Santiago — Protests and strikes that have rocked Chile for the past three weeks have not slowed exports of copper by the world's largest producer of the metal, data showed Thursday.
According to the Central Bank, Chile exported $2.52 billion of copper in October, down 22.5% from the same month of last year and the lowest level since April 2017, when production was hit by a prolonged strike at the giant Escondida mine, reflecting lower copper prices and volumes.
However, weekly data showed no significant variation in exports since a wave of unrest began October 18.
More than 20 people have died, and thousands have been arrested in looting and clashes between police and protesters as Chileans march against rising living costs and social inequality.
Exports during the first two weeks of October totaled $1.14 billion, compared with $1.38 billion in the final fortnight, the data showed.
Port workers throughout Chile have held strikes in sympathy with the protests in Santiago and other major cities. But most ports are now open.
Puerto Angamos, the main export point for copper mines in northern Chile -- last year it exported 1.3 million mt of copper cathode -- has not faced protests, a spokesman told S&P Global Platts late last month.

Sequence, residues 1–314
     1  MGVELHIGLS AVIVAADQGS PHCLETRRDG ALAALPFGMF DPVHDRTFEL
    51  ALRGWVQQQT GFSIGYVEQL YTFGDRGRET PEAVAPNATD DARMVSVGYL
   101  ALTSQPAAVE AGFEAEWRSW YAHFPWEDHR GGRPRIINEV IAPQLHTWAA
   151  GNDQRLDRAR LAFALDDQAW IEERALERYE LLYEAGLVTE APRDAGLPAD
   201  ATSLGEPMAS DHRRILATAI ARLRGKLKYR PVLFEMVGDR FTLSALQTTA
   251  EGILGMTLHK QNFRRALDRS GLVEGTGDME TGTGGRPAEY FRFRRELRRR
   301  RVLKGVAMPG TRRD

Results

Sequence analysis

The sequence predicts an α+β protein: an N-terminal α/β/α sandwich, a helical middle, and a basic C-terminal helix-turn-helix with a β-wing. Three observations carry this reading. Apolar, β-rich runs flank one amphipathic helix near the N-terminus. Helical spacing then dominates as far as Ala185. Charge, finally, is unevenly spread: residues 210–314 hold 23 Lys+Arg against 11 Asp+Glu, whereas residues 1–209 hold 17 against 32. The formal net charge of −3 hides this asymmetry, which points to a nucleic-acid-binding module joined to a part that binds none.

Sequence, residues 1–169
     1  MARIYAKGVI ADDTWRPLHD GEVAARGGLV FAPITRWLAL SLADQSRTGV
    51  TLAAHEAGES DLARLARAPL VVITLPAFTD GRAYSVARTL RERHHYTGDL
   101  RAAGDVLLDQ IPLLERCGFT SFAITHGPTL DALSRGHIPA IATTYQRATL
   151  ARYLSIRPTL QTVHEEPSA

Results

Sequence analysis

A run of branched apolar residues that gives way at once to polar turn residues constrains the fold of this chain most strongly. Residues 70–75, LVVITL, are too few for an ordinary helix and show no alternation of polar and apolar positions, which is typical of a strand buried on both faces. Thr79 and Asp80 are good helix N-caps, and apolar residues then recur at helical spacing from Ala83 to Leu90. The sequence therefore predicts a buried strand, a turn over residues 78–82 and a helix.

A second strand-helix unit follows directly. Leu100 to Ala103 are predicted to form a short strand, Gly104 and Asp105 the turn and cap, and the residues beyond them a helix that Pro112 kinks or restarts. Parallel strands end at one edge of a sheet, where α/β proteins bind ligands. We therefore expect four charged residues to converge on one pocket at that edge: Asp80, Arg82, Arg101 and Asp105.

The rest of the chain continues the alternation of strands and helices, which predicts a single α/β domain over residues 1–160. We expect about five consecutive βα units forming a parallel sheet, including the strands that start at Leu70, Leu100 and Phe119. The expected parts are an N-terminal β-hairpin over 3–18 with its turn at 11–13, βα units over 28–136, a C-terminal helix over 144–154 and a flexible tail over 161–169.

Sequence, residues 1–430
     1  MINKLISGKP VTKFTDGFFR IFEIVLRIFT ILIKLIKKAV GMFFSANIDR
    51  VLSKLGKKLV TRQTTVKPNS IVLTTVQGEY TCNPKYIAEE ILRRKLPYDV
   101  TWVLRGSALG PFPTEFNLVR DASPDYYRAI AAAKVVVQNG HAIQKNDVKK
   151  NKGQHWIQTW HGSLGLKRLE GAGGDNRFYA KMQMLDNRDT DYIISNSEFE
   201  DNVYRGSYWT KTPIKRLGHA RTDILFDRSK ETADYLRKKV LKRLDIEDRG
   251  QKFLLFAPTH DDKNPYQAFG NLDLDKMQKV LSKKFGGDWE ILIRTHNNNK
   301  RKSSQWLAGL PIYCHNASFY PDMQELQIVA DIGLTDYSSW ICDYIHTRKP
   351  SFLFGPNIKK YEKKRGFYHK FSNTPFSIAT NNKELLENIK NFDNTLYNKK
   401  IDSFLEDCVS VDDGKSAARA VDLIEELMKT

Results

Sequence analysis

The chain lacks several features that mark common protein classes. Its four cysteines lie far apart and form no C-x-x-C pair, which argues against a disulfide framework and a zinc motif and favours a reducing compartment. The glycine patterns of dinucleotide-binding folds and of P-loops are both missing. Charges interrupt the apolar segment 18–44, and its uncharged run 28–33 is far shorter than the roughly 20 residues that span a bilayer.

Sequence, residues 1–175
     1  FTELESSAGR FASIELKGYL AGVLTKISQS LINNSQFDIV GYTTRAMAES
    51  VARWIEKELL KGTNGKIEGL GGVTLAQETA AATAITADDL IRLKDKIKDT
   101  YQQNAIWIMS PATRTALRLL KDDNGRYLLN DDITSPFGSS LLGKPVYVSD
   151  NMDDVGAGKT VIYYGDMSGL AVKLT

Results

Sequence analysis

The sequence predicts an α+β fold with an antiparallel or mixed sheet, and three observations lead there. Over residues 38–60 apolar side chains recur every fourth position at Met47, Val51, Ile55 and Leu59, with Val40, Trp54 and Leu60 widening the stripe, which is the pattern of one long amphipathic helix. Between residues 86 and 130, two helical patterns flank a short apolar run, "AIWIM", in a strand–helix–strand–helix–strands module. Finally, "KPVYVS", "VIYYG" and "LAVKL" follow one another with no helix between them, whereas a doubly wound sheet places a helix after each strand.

A spokesman for Lundin Mining told S&P Global Platts Thursday that activities at the Port of Caldera had resumed after protests last month slowed some shipments of concentrates from the company's Candelaria mine
The unrest has impacted the country's giant mining industry with strikes by workers at major mines, including Codelco and Escondida, as well as delays to shift changes and deliveries of key supplies at other operations.
Antofagasta said this week that the unrest, particularly a blockade of the road to its Los Pelambres mine, is expected to reduce annual production by 10,000 mt of copper.
--Tom Azzopardi, firstname.lastname@example.org
--Edited by Bill Montgomery, email@example.com